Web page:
Defense Minister: Closer than 'ever before' to agreement with Palestinians

Report: Abbas and Netanyahu could hold direct peace talks for the first time in seven years next month in Washington.

June 9, 2017 09:20
2 minute read.
Defense Minister Avigdor Liberman

Defense Minister Avigdor Liberman speaks at the 53rd Munich Security Conference in Germany in February. (photo credit: REUTERS)


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Prime Minister Benjamin Netanyahu and Palestinian Authority President Mahmoud Abbas could hold direct peace talks for the first time in seven years, Channel 20 said on Thursday night in a report on a three-way Washington meeting with US President Donald Trump scheduled next month.

The report comes just two months after Trump began to formally work to bring Israelis and Palestinian back to the negotiating table.

The last round of US-led talks broke down in April 2014 and did not involve a Netanyahu-Abbas meeting.

Since 2010, the Palestinians have refused to hold direct talks unless Israel freezes West Bank settlement activity and Jewish building in east Jerusalem. Israel has refused to cede to that demand insisting that talks should be held without preconditions.

Bloomberg News on Thursday reported that the Palestinians have temporarily dropped that demand, quoting Abbas’s senior economic adviser and former deputy prime minister Muhammad Mustafa.

“We have not made the settlements an up-front issue this time. We think it’s better for all of us right now to focus on giving this new administration a chance to deliver,” Mustafa told Bloomberg.

The Prime Minister’s Office said it did not know anything about the Channel 20 report regarding the meeting.

The reporter “did not check with us first,” a spokesman in the Prime Minister’s Office said.

Defense Minister Avigdor Liberman told Channel 2 that Israel was closer to a peace deal with the Palestinians than at any other time in its history.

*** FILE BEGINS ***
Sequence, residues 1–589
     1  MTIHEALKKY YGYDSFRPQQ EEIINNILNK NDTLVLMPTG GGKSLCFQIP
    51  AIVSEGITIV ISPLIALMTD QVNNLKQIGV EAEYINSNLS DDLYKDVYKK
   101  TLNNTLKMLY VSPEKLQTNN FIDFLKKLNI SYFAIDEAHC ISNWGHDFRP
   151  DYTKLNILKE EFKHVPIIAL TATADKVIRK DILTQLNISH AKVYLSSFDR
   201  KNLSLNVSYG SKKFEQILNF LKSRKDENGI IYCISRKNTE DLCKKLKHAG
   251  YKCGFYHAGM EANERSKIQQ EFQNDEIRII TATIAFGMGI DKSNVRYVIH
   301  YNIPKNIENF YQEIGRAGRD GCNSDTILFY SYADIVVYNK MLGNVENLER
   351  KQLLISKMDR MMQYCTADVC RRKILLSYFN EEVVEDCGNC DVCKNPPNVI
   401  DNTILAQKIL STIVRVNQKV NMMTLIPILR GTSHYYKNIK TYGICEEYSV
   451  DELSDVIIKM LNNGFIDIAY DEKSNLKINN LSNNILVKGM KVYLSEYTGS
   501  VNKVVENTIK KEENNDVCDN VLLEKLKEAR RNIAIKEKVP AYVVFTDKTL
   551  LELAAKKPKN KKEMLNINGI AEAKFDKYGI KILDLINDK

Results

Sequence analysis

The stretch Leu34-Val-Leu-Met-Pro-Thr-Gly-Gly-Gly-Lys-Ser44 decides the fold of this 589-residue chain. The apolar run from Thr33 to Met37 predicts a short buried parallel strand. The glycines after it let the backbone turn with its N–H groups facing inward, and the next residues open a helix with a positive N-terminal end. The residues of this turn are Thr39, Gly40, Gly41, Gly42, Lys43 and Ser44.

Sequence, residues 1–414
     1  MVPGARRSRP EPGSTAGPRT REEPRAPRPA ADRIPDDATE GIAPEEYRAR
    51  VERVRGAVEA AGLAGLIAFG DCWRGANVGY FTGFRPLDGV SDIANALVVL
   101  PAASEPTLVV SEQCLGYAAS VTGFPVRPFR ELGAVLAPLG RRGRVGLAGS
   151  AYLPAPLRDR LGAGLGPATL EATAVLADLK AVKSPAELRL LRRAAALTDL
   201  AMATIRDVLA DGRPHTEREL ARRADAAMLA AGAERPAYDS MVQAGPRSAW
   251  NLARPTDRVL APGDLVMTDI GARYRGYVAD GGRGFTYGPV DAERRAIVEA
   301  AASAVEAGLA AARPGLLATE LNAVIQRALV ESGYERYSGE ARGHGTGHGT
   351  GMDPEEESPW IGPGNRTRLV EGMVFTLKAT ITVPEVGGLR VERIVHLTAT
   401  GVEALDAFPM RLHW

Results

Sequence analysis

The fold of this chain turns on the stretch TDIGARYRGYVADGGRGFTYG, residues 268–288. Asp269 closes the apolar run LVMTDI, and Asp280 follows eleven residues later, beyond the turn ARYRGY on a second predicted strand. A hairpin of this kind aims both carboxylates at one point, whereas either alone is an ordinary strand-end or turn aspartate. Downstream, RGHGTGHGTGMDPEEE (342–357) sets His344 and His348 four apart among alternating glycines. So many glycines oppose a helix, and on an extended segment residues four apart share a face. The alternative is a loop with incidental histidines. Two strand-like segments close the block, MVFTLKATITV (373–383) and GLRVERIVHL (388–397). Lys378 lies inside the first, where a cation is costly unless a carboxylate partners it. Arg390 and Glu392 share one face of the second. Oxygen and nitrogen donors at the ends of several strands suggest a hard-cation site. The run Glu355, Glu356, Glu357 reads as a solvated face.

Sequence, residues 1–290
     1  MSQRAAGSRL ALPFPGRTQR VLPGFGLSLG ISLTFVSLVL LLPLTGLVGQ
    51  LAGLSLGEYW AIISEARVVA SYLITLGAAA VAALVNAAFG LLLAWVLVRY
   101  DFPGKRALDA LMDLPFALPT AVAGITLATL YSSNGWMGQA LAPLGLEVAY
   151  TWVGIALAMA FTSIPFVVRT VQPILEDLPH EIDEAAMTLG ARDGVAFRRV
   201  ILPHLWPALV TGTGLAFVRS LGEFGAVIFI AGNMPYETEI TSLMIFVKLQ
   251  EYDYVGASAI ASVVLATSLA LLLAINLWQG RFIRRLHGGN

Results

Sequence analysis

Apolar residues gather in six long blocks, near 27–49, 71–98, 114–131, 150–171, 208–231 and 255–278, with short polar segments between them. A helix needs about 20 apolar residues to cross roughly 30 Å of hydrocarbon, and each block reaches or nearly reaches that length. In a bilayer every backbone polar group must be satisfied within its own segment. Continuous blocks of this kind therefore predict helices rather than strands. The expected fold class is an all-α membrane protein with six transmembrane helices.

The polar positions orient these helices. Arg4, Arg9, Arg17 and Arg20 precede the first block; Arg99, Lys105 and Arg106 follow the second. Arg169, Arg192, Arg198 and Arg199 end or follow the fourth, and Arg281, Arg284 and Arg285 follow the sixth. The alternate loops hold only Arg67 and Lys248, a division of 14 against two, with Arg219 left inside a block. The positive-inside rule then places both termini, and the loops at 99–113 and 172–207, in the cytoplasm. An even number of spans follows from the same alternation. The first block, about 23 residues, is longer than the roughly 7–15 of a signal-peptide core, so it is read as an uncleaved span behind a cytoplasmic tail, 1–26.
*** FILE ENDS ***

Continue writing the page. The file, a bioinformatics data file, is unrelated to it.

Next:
“We are closer than ever before to an agreement. I hope that we will take advantage of this opportunity,” he told Channel 2 on Thursday night.

The possibility for a new agreement is due both to Trump and to a new clarification by Arab states that their problem is not Israel, Liberman said, adding that the moderate Arab nations now believe Israel could help them solve their problems.

“If someone comes and puts a deal on the table that includes an agreement with all the moderate Arab nations, including the opening of embassies, trade relations and direct flights, it would get a majority in the Knesset,” Liberman said.

Since taking office in January, Trump has separately hosted Netanyahu and Abbas in the White House. Last month he visited the region, meeting with Netanyahu in Jerusalem and Abbas in Bethlehem. His special envoy Jason Greenblatt has also held meetings with Israelis and Palestinians in Washington, Israel and the Palestinian territories.

US Ambassador to the UN Nikki Haley is visiting Israel and the Palestinian territories this week and has also spoken with Israeli and Palestinian leaders. On Wednesday she met with Netanyahu, and she is scheduled to talk with Liberman on Friday.

Intelligence Minister Yisrael Katz on Friday morning dismissed Liberman’s remarks during an interview with Army Radio,

“I know everything he knows, and I don’t see a basis for this statement. I personally have not concluded that the other side [the PA] can and wants to reach an agreement,” Katz said.

Herb Keinon contributed to this report.

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